Ostrander Backpacking Trip

Tom among the wildflowers
Tom among the wildflowers
We took a somewhat abbreviated backpacking trip out past Ostrander Lake June 25-27 to try out some of our new gear. The short version? We love it, and we had a great time. I also learned and re-learned a lot of stuff about backpacking. For a first trip, it was just right.

We left Thursday night around 9pm after getting off work and cooking up a yummy dinner the comfort of our own home, and hiked out to Horizon Ridge before setting up camp. In some ways I like hiking in the dark – it’s usually very quiet and peaceful. Plus, this was an out and back trip, so we got to see the scenery, and the flowers that we walked past in the dark on our way out.

The Double Rainbow Tarptent on Horizon Ridge
The Double Rainbow Tarptent on Horizon Ridge
In the morning we finished our somewhat circuitous route to Ostrander Lake, and circled around to walk along Horse Ridge. It was a lazy day, filled with many stops and a bit of napping. We had plenty of water so we camped high with a bit of a breeze and fewer mosquitoes, filling up when we hiked down in the morning.

For more random notes about our trip, in no particular order
• Quick Oats are a good breakfast alternative for me. More convenient than regular oats, but tastier than the instant oatmeal packets. – even if you do forget the raisins that you bought especially for the occasion. We were able to cook the oats in our Orikasa bowls just by pouring boiling water over them and waiting for a while.
• The Caldera Keg performed brilliantly, but goes through alcohol faster than I had thought. For longer trips, it would be nice to have a second bottle. Also, I’m now eager to try out the Ti-Tri. Although it’s heavier and less space-efficient than the Caldera Keg, I think having the non-stick pot increases our options in a nice way, and Tom tells me that he thinks that it is more efficient than the CK, which would also help the alcohol last a little longer.
• We didn’t break out the Esbit, but we carried three blocks and the Gram Cracker stove. At just over 2 oz. it was more than worth the peace of mind when we were recalculating the amount of alcohol that we brought.

Skunky Monkeyflower - huge yellow patches of these flowers on Horizon Ridge
Skunky Monkeyflower - huge yellow patches of these flowers on Horizon Ridge
• Our new Double Rainbow tent rocks for fair-weather Sierra camping. I’d still like to pitch it in the yard and subject it to a bit of water from the hose to see how it would take a solid rain, though.
• My legs are at a whole new, previously inconceivable level of out-of-shape. Planning to change that.
• It was a good trip for violets. It’s always been a slight irritation that the violets that we see are yellow, instead of purple, and we were delighted to see violet violets on the Ostrander Trail – Western Dog Violets (Viola adunca). We also saw a white Macloskey’s Violet (Viola macloskeyi) in Summit Meadow where the Camas Lilies (Camassia quamash), and some kind of Shooting Stars (Dodecatheon) are blanketing the meadow in color.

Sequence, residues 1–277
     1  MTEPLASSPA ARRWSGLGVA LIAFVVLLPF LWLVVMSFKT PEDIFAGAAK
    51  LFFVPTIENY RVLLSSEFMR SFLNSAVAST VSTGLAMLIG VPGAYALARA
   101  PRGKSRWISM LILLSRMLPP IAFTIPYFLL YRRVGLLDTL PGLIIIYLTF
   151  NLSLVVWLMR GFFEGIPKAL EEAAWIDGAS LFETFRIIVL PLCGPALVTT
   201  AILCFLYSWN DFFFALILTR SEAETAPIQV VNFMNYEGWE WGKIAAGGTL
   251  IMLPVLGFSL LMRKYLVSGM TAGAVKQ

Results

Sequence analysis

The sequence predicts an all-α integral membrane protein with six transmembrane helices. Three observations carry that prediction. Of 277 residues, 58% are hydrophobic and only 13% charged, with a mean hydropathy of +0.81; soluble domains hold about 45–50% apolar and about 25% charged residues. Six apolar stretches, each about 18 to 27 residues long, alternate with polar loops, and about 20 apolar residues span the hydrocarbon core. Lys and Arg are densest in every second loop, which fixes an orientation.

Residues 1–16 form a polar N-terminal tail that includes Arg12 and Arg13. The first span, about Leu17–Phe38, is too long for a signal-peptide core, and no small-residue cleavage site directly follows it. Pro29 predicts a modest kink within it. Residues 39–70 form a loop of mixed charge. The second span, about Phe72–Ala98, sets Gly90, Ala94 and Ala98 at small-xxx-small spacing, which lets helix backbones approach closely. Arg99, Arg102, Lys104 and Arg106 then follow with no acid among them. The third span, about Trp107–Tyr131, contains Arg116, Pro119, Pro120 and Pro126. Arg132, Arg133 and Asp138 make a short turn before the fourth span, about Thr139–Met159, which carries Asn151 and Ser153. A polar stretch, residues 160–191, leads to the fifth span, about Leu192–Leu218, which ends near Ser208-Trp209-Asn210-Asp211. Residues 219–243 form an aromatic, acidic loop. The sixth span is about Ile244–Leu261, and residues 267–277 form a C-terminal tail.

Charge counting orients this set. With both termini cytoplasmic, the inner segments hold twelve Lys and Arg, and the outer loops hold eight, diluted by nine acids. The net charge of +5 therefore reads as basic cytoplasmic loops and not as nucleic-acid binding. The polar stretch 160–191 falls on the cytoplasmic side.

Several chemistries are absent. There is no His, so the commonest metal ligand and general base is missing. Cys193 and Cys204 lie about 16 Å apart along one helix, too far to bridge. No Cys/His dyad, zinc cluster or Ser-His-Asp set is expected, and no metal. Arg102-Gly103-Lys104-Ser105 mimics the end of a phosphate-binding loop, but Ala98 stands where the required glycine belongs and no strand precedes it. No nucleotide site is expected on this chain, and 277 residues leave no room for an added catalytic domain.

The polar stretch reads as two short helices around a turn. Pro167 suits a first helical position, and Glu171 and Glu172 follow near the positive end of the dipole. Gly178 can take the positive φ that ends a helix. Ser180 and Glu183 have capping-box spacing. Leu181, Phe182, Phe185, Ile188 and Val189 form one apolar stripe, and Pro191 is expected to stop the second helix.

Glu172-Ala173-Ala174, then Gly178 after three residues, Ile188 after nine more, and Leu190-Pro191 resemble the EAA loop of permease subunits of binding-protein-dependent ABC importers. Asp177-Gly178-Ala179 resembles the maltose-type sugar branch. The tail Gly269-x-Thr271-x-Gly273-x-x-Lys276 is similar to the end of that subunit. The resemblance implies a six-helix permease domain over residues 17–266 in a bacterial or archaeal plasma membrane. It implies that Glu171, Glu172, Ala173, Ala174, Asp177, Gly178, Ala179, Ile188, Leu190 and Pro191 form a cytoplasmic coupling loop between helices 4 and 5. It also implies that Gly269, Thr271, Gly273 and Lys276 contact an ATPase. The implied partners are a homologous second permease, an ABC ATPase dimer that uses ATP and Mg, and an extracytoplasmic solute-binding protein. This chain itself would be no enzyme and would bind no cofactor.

• I am surprisingly afraid of talus slopes. I hadn’t expected that. But a hug and a good cry can get me over the hump.
• I was slightly too hot in the Marmot Hydrogen sleeping bag – with a thin pair of thermal pants on and a down jacket. The night before, Tom was a bit cold with the same set-up. More testing is needed.
Climbing up to Horse Ridge - notice all the lichen on the boulders. Very stable.
Climbing up to Horse Ridge - notice all the lichen on the boulders. Very stable.
• Although we CAN stuff everything we need for a weekend trip into a 33L and 30L pack, we shouldn’t. They don’t carry well that way.
• The Asian Curry freeze-dried meal is actually too spicy for me and should be mixed with some couscous or something to make it palatable. Tom and I shared a single bag, and I couldn’t even finish my half. Fortunately, we weren’t out for very long, and face it, these days I can more than afford to be a little calorically deprived for a few hours. It does make me nervous about the Spicy Lousianna Red Beans and Rice meal though. Since when have freeze-dried meals gotten TOO flavorful?
• I think the somewhat raucous gray birds that were hanging out at the top of Horse Ridge were Clarks Nutcrackers. Bold, noisy, and social, they were fascinating to watch.
• Always carry a monocular/binocular. It would have come in handy so many times on this trip.

Phil the Adventure Duck swimming in Ostrander Lake
Phil the Adventure Duck swimming in Ostrander Lake
Tom on Horse Ridge. He saw a glipse of a Pika up here.
Tom on Horse Ridge. He saw a glipse of a Pika up here.
Curious Marmot who checked us out during breakfast, and left to have some breakfast of his own.
Curious Marmot who checked us out during breakfast, and left to have some breakfast of his own.
Maclosky's Violet in a Camas Lily-filled Summit Meadow on the return drive.
Maclosky's Violet in a Camas Lily-filled Summit Meadow on the return drive.

4 thoughts on “Ostrander Backpacking Trip

  1. Edie

    I am *so* with you on the talus-phobia thang, Theresa. It never occurred to me to have a good cry, and the few times I’ve been on talus slopes, I was either alone or with folks I didn’t want to hug!

    I’ve just avoided them ever since.

    *shudder*

    Just thinking about them gives me the willies.

  2. Theresa

    Especially strange for me because 3 years ago, I would have been very comfortable on that ridge, so there was part of my mind saying – “Easy. No Problem. Not Scary” and the other part freaking out. Hopefully, I’ll just get over it. 😛

  3. bill stephan

    That should be “horse ridge”
    from an oldtimer from wawona

    too many names are being changed in the park by the new breed!

  4. Administrator

    Sorry, Bill. You’re right. I don’t know why I keep wanting to call it something else.

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